This process results in unctuous duck meat at the expense of some crispness to the skin. To create a steamer, set a metal rack at the bottom of a covered poultry roaster. Or improvise, setting some ceramic ramekins or wads of aluminum foil at the bottom of a heavy Dutch oven to keep the duck out of the water.
Cover your pot with foil and even a layer of parchment paper to create a tight seal while the bird steams. After the duck has rendered much of its fat in the steam bath, it is roasted in the oven and basted with a honey-infused glaze to create a deep, brown skin. Serve with Madeira Sauce.
The cooking method precludes accurate nutritional analysis.
- 1 (80 ounces) Pekin duck
- 1 1/2 teaspoons kosher salt
- 1/2 teaspoon freshly ground black pepper
- 1 stalk celery, leafy top only
- 1 small carrot, peeled and cut into chunks
- 1/2 small onion, cut into several pieces
- 3 whole cloves garlic
- 1 small bunch thyme
- 1/2 cup dry white wine
- 1 tablespoon balsamic vinegar
- 1 tablespoon honey
Remove the fat from the cavity of the duck. Rinse the duck under cool running water and pat it dry with paper towels. Using the tines of a fork or the tip of a sharp paring knife, prick the duck all over, being careful to puncture only the skin, not the meat.
In a small bowl, combine the salt and pepper. Sprinkle it into the cavity and over the surface of the duck. Set aside 1 1/2 teaspoons chopped thyme. Place the celery, carrot, onion, garlic and the remainder of the bunch of thyme in the cavity.
Place the duck, breast side up, in the steamer you've created. Pour about 1 inch of water into the pot, cover the pan tightly and steam over medium heat for 1 hour. The skin should be tender.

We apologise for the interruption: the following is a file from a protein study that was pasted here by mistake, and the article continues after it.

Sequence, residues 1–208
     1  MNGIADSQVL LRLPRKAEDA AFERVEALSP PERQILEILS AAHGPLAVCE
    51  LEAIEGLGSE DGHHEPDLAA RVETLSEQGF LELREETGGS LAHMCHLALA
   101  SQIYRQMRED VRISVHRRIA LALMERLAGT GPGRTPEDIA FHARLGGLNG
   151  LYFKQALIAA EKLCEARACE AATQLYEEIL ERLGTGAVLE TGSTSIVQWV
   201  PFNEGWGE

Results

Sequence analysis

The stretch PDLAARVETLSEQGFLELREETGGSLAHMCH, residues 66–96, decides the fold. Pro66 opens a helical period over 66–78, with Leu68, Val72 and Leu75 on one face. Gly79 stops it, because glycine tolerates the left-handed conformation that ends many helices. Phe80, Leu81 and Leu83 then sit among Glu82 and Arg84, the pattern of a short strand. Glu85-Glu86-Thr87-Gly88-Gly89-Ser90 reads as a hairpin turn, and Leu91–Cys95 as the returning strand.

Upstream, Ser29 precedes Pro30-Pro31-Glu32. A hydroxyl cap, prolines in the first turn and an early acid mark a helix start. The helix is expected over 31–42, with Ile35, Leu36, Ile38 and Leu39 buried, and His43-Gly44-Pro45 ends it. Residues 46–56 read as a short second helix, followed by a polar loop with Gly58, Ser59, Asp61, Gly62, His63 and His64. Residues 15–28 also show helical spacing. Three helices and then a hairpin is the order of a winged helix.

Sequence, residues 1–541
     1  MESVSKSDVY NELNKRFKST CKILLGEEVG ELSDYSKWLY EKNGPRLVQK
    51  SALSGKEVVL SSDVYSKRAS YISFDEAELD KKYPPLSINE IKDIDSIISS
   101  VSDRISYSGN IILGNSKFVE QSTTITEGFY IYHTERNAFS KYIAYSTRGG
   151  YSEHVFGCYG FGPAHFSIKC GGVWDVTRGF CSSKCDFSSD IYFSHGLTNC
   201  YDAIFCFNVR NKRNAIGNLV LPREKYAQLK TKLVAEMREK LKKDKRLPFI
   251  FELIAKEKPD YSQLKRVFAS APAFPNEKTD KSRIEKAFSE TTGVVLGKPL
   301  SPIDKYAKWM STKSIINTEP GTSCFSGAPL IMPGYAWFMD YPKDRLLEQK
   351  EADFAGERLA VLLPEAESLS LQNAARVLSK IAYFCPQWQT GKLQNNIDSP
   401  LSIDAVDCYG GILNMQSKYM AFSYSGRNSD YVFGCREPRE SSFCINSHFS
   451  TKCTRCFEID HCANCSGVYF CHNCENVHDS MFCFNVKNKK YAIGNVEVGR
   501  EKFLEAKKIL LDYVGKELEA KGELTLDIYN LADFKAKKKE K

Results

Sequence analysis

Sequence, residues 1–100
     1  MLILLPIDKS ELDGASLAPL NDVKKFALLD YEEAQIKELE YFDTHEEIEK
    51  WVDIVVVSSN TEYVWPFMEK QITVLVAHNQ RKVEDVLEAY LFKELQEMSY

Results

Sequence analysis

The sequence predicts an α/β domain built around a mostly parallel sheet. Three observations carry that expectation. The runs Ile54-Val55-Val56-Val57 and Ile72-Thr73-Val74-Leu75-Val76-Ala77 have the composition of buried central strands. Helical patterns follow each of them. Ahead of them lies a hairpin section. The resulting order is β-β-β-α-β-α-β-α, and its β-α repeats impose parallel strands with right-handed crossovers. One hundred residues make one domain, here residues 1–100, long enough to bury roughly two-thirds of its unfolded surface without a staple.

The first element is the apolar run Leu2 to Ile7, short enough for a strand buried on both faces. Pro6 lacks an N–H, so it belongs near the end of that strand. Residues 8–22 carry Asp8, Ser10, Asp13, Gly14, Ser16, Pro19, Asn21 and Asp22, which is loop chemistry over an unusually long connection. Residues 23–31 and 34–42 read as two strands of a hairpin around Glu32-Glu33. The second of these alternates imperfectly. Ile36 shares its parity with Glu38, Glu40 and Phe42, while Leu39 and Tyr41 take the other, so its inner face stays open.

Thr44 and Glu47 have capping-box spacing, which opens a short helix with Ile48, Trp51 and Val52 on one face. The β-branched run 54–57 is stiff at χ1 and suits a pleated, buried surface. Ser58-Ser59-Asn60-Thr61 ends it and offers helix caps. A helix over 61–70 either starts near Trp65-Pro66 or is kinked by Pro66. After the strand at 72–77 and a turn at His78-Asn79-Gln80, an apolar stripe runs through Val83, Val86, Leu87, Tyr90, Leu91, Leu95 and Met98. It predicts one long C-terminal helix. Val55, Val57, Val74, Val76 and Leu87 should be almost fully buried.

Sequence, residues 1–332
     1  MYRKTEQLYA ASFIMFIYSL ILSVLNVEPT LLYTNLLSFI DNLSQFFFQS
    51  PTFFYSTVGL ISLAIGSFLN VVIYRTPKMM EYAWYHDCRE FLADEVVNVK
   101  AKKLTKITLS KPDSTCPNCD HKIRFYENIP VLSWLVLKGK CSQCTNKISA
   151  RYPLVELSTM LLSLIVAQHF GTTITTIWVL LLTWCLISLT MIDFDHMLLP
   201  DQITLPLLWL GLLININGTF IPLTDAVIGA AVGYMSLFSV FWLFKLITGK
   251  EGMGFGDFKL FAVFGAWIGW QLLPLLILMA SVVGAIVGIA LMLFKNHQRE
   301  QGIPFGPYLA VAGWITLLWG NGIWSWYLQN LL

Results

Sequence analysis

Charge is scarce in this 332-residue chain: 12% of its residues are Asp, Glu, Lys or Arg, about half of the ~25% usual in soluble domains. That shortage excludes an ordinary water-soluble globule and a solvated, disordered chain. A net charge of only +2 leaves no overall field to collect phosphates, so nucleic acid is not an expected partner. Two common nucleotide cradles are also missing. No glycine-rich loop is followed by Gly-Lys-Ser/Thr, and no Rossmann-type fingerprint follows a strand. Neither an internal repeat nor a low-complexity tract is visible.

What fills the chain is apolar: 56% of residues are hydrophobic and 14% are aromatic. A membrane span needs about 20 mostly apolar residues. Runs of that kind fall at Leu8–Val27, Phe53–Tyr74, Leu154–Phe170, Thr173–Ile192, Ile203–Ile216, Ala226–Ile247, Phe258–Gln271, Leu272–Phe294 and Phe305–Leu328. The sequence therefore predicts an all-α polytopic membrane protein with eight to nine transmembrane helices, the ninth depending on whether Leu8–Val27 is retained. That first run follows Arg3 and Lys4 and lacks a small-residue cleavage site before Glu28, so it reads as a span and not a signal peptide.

Preheat the oven to 425 degrees. Have ready a wire rack placed inside a roasting pan.
In a small saucepan over medium heat, warm the wine, vinegar, honey and chopped thyme, stirring occasionally, until the honey is fully incorporated. Remove from the heat.
Carefully uncover the steamer. Using a sturdy wooden spoon stuck in the cavity and a large metal spatula beneath the duck, transfer the bird to the wire rack in the roasting pan. Roast for 30 minutes.
Reduce the heat to 375 degrees and brush the bird all over with some of the wine-honey mixture. Baste repeatedly with more of the mixture every few minutes, for 15 minutes, or until the skin is a dark mahogany brown and the meat is cooked through (an instant-read thermometer inserted into the thickest part of the thigh meat should register 180 degrees). You should have about half of the basting liquid left. Carefully transfer the duck to a cutting board, cover loosely with foil and set aside to rest for 10 minutes before carving.
Meanwhile, return the pan with the remaining wine-honey mixture to medium heat and simmer for a few minutes. To serve, drizzle the warmed sauce over the carved pieces of duck, or pass on the side.
Adapted from the one championed by Alice Waters in "Chez Panisse Cooking" (Random House, 1994).
Tested by Michael Taylor.
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